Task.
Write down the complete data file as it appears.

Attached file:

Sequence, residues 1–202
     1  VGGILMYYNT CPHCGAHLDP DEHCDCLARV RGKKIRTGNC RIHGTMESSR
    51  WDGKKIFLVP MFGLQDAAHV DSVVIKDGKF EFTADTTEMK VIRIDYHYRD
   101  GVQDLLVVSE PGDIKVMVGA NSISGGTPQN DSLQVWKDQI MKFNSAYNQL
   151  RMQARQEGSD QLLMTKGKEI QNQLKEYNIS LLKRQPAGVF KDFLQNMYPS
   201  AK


Sequence, residues 1–202
     1  VGGILMYYNT CPHCGAHLDP DEHCDCLARV RGKKIRTGNC RIHGTMESSR
    51  WDGKKIFLVP MFGLQDAAHV DSVVIKDGKF EFTADTTEMK VIRIDYHYRD
   101  GVQDLLVVSE PGDIKVMVGA NSISGGTPQN DSLQVWKDQI MKFNSAYNQL
   151  RMQARQEGSD QLLMTKGKEI QNQLKEYNIS LLKRQPAGVF KDFLQNMYPS
   201  AK